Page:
Caga Tio

16 More Weird Christmas Traditions by Chris Hall

Burning the Devil in Guatemala....

Christmas can be a weird holiday....  I love it.  We’ve already covered the bizarre history of Saint Nicholas, investigated into Santa’s pagan origins and some of Santa’s weirder contemporaries, and we’ve explored some of his devilish companions and personal assistants.  We’ve also learned about Catalonia’s Caga Tio and El Caganer traditions and about Japan’s Kentucky Fried Chicken Christmas tradition.  But this only the tip of the iceberg that is weird Christmas.  Here are 16 more weird Christmas traditions from around the world.  Merry Christmas everyone!

    

 

 


1.  South Africa – On Christmas Day many people will enjoy eating the deep-fried caterpillars of Emperor Moths….


2.  Norway – Here you must hide your broom on Christmas Eve lest it be stolen by a witch or evil spirit.


3.  Venezuela – In Caracas it is a tradition to go to Christmas Mass on roller skates.


4.  Greenland – Be sure to eat try one of these traditional Christmas dishes… Mattak:  raw whale skin served with blubber.  Kiviak:  500 dead auk birds stuffed inside a seal skin and left to ferment for seven months.


5.  Germany – Here it is a tradition to hide a pickle inside the Christmas tree on Christmas Eve.  The first child to discover it in the morning will receive a small gift.


6.  Ukraine – The Christmas trees are not hung with tinsel and ornaments, but with a fake Christmas Spider and spider’s webs.


7.  Czech Republic – When a lady stands by a door and throws a shoe over their shoulder, and if the shoe toe is pointing toward them, then the lady will be married in the coming year.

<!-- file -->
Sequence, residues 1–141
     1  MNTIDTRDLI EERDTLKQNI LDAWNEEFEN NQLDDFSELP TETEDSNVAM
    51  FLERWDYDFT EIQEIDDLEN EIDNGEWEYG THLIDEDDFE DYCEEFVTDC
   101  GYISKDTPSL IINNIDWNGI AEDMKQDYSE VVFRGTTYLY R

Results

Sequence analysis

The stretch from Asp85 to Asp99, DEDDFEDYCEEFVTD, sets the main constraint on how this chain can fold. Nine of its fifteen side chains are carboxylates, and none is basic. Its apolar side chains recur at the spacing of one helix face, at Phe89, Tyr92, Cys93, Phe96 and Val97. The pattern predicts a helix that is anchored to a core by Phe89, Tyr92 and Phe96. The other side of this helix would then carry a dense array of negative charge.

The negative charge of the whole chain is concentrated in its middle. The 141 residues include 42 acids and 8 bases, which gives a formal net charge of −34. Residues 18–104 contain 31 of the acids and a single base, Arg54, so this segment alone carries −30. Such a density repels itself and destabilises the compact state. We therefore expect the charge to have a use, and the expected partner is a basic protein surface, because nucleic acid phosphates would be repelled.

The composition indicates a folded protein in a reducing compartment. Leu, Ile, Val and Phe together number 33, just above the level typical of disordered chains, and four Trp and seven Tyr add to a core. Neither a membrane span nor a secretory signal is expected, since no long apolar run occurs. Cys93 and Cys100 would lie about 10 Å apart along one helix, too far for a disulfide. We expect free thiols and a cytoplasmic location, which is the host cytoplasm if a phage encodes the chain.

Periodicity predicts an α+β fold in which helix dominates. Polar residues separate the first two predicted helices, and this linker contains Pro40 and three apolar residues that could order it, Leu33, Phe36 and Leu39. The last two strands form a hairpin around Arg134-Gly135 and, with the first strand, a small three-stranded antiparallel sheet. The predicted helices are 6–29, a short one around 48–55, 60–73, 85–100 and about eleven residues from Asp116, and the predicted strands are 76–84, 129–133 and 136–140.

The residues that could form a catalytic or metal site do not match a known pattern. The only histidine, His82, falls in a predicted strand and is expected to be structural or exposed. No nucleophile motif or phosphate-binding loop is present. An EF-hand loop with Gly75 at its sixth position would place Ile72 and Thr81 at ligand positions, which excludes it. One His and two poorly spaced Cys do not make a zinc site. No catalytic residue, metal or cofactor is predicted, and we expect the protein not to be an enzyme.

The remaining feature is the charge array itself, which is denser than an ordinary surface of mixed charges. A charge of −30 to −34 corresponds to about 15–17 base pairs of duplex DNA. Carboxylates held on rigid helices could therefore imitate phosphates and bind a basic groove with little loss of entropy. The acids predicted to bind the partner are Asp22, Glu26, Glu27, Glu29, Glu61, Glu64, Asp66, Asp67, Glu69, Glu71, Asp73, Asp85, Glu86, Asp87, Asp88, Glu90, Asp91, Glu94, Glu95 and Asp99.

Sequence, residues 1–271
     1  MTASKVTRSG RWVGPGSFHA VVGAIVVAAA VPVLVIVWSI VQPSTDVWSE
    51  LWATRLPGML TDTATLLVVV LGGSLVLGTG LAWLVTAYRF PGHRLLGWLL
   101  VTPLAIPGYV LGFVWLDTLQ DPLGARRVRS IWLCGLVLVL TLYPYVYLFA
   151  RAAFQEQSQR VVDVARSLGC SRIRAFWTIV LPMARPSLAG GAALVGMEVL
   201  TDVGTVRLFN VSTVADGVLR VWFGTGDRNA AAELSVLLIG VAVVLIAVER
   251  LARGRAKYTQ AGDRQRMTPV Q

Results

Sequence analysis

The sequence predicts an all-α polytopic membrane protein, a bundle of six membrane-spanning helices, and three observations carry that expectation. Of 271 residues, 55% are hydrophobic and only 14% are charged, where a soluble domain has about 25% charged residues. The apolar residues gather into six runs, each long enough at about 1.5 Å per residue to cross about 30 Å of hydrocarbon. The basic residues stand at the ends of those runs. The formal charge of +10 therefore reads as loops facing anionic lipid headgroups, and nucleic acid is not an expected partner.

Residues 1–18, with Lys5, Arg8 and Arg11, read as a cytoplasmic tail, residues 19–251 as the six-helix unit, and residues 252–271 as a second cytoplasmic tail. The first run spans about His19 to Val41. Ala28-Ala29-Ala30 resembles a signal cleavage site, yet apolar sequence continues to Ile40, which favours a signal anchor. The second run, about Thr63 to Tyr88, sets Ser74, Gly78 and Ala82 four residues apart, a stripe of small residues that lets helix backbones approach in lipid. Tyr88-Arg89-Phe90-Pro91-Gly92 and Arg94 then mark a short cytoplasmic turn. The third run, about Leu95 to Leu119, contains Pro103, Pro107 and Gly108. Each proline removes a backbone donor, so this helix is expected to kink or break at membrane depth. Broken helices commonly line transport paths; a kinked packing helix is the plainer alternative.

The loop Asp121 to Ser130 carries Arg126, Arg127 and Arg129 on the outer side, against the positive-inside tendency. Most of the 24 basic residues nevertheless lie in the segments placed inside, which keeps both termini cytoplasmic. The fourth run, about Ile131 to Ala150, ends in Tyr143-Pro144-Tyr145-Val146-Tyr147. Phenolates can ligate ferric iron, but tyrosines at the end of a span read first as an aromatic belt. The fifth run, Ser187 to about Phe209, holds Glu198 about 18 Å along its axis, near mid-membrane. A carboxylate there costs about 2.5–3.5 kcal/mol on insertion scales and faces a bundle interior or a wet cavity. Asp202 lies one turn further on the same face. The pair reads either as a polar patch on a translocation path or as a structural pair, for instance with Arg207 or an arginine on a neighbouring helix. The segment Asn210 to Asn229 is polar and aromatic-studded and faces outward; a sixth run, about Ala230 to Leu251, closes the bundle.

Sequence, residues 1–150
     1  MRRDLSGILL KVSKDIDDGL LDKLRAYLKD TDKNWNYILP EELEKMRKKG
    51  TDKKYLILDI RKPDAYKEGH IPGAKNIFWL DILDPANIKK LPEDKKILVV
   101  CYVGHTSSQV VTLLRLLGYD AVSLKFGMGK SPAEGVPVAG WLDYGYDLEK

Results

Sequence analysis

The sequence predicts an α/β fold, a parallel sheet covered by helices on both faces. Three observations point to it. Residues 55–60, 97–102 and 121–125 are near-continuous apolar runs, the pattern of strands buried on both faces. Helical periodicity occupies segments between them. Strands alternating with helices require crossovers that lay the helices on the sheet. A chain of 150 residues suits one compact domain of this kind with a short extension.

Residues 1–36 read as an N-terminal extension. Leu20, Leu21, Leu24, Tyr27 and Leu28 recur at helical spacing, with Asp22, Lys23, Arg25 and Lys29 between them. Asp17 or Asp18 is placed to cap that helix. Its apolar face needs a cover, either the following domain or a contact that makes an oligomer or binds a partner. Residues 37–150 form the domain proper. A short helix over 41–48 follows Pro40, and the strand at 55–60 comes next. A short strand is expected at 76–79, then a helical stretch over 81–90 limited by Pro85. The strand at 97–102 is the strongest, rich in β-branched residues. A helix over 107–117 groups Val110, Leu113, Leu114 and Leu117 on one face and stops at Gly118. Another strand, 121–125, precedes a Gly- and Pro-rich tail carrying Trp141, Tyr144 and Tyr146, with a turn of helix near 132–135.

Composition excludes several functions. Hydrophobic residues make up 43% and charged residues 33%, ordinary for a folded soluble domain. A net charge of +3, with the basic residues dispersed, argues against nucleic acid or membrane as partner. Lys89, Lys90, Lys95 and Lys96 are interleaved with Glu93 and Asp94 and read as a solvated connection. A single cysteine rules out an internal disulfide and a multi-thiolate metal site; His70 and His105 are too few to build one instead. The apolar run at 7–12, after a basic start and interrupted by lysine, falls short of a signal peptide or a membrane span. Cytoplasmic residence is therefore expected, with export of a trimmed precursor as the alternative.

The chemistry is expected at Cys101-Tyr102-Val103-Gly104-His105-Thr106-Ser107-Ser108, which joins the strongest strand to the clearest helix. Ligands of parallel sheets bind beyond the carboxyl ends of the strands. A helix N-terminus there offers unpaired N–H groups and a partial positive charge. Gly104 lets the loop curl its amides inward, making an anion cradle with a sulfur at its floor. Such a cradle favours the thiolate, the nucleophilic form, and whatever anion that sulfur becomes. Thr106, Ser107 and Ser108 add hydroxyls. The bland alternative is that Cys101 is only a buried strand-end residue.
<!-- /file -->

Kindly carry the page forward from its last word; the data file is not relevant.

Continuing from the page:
8.   Estonia – It is a tradition in Estonia for families to go to the sauna together on Christmas.


9.  Wales – Small villages will perform a Mari Lwyd ritual on Christmas Eve where a lucky villager is chosen to parade through town with the skull of a mare hoisted on the end of a long stick.

Burning the Devil - photo by Santiago Billy Prem

Burning the Devil - photo by Santiago Billy Prem


10.  Guatemala – Here it is a tradition to sweep out the house before Christmas.  Each neighborhood will create a big pile of dirt and place an effigy of a devil on top, which is then burnt.


11.  Greece – A race of evil goblins called the kallikantzaroi are said to leave their underground dwellings and wreak havoc over the twelve days leading up to Christmas.


12.  Slovakia – The most senior man of the house will take a spoonful of loksa pudding and throw it at the ceiling.  The more that sticks the better.


13.  Finland – Here it is a tradition to honor the dead by lighting candles and leaving them in the grave yards.


14.  Austria – In Gresten people will dress up as Krampus, and parade around town hoping to scare children.

USA Running of the Santas.jpg


15.  USA – Some cities will enact a Running of the Santas, where groups of people dressed as Santa Claus will make a boozy bar crawl.

South Africa Danny Ghost.jpg


16.  South Africa – It is a tradition to tell the story of Danny, who upset his grandmother by eating the cookies left out for Santa Claus.  The grandmother becomes so upset that she kills Danny.  Danny is said to haunt homes on Christmas.